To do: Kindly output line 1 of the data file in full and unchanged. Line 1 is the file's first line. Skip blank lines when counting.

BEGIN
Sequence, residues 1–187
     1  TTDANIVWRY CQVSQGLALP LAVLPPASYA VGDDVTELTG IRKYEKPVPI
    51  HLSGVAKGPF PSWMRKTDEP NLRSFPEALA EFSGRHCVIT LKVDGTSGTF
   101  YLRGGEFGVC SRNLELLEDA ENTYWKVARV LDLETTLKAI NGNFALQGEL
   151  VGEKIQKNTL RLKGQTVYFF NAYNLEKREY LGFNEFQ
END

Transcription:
Sequence, residues 1–187